WINX – what does her future hold?

Winx is no doubt an outstanding horse that has amassed over 26 million dollars in prize money alone. She will however not benefit from her winnings. Instead, she will be given what is considered to be ‘the very best care’- but what does that mean?

Winx will now be considered a brood mare. That is she will be used for breeding purposes so that she can make even more money for her owners. Her progeny would be expected to sell for well over $2M each. It is in the owners’ interests that she is cared for properly however the motivation may not necessarily be altruistic. It’s much more likely to be to protect their investment that could potentially earn them tens of millions of dollars more over the next ten years.

The Breeding Cycle

The official birthday of all thoroughbred horses is 1 August each year.   The gestation period or length of pregnancy is 11 months.   The breeding season in Australia therefore starts in early September which allows the foal to be born at the optimal time in early August.  Every year from now on, it is likely Winx will be made pregnant to capitalise on her pedigree -whether she likes it or not.

Note:

The rules of thoroughbred racing only allows for horses to be mated naturally whereas harness racing horses (standardbreds) are permitted to be artificially inseminated.

The “mating’ procedure is very much a controlled event aimed at protecting both the mare and stallion from injury.

Firstly, the mare will be inspected by a vet to determine when she will be coming into season. At times drugs will be may be used to assist this process.

On the day of the mating, she may be given a sedative to keep her calm.  A twitch may also be used to keep her still. A twitch is a device that is used to restrain horses for various stressful situations, such as veterinary treatment (or mating). Some believe that a twitch calms the horse by releasing endorphins as pressure is applied, thus reducing stress and pain. Others understand the use of a twitch device forces compliance through causing the horse pain.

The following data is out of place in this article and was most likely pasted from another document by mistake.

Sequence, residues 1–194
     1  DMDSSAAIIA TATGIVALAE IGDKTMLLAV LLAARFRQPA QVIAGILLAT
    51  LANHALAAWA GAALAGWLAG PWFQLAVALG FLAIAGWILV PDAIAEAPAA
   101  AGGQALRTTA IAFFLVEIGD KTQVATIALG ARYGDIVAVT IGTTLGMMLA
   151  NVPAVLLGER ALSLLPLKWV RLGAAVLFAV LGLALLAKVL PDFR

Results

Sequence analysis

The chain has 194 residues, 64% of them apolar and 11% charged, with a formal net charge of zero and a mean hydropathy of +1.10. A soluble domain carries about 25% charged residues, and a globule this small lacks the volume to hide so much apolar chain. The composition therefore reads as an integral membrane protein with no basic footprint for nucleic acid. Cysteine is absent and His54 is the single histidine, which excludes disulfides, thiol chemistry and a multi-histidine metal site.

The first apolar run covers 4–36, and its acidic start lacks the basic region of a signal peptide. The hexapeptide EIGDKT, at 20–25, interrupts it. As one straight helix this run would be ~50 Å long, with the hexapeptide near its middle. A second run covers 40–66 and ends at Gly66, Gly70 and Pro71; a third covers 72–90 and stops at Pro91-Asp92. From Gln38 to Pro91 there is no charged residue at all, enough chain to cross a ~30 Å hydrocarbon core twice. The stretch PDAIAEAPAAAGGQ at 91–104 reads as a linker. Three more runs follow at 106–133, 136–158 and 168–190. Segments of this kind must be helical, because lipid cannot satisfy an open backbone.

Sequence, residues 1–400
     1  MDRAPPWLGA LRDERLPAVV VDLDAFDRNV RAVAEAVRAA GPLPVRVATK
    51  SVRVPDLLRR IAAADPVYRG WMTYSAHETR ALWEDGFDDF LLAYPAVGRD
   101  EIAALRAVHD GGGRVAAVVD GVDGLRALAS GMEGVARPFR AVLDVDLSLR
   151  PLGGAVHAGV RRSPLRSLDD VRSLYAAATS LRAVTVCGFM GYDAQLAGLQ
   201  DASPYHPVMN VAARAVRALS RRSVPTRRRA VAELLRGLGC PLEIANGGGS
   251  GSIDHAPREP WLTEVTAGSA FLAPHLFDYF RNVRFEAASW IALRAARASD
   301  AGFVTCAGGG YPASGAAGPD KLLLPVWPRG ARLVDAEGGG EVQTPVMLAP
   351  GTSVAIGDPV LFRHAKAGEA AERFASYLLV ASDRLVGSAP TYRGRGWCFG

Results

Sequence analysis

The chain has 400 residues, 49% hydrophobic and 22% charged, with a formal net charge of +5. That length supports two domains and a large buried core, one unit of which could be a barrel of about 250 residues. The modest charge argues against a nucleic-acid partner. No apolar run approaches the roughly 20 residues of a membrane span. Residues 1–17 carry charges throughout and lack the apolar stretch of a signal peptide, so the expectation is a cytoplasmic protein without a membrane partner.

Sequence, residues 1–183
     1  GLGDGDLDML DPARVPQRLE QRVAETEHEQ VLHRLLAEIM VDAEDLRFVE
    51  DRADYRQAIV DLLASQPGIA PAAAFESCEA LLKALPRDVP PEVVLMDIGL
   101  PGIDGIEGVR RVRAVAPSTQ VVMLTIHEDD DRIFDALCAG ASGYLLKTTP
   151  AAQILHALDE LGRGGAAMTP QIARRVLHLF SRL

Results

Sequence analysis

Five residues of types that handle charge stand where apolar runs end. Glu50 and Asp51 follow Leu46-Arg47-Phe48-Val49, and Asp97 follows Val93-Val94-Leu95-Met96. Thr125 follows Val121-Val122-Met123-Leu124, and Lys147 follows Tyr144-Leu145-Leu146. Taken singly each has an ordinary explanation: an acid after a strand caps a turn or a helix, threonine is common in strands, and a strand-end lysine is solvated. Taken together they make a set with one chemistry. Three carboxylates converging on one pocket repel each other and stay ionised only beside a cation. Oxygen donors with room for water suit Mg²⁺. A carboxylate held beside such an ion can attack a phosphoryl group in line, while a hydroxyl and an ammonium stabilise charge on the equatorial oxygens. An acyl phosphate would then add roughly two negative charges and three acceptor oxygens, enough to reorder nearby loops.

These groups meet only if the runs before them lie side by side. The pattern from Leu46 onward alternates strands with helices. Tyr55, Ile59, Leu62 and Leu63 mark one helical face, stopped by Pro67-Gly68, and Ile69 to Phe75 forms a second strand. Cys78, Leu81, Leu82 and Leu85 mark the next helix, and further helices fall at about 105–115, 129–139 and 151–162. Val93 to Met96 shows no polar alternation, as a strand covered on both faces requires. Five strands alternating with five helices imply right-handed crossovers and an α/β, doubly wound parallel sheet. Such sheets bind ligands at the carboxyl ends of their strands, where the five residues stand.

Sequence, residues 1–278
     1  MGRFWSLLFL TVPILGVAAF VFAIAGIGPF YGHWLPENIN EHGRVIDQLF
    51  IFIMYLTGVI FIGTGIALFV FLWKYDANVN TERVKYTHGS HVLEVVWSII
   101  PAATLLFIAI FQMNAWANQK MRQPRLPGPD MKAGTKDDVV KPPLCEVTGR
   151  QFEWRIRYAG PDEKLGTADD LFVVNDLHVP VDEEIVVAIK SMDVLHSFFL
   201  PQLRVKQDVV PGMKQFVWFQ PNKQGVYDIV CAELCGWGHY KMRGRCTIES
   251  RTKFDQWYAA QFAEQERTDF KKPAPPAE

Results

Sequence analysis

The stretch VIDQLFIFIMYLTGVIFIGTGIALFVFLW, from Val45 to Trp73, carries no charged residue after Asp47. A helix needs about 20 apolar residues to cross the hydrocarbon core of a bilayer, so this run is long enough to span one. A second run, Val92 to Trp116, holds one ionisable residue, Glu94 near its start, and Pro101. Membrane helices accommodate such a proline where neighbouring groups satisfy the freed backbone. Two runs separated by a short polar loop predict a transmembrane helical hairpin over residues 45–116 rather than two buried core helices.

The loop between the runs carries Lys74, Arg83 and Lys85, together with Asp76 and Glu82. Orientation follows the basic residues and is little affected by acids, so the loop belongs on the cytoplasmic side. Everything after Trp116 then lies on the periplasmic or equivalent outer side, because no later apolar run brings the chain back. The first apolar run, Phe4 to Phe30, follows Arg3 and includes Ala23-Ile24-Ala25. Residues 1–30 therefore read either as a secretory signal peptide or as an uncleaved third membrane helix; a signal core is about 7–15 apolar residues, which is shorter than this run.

On the day of the scheduled mating, the mare will be taken into the mating barn or pen where she is to be served by the chosen stallion. If necessary, her legs may also be restrained so that she cannot kick and injure the stallion whose worth can be tens of millions of dollars and whose protection is therefore given the highest priority.

If the mare has a foal at foot, the foal is likely to be restrained nearby within view of the mare. Typically, the foal will be just 1 month old and separation from each other may cause great distress to both.

The mare will then be meticulously prepared. To prevent any damage to the stallion, every hair of the mare’s tail will then be careful tied up away from the mare’s vagina and the area sterilised to minimise risks of any infection.

A teaser stallion will then be brought out to gauge the mare’s reaction to the possibility of having sex. The teaser stallion is often a much smaller horse that can be more easily managed. It will be left up to him to get the mare ready for the sexual act and take the risk of being kicked by the mare. For the poor teaser stallion, he will never successfully mate with a thoroughbred and often suffers psychological issues as a result.  

The thoroughbred stallion will then be brought in and he will be expected to mate with the mare as soon as possible. The mare will have no option but to accept the stallion. 

When the current foal reaches 6 months of age, the foal and mother will be separated forever so that the mare can prepare herself for the birth of the foal she is carrying.

Anonymous thoroughbred stud manager,

“the mare and foal are brought into the barn together and left there for a while. The mare is then led out and taken away. They both whinge and carry on for a bit but they get used to it.  Sometimes the foal will cry for hours but they all get over it.  They know they’ve got a job to do”

Even for Winx, her life after racing will be far from retirement.  She will be repeatedly treated as a breeding machine and separated from her foals at a very young age. 

Though Winx’s fame will ensure she never ends up at the knackery or slaughterhouse, approx. 4000 thoroughbred mares are retired from breeding each year. The racing industry currently does not account for them.  It is therefore highly likely they are slaughtered or sold to a blood farm, after which they are slaughtered for human consumption or pet food.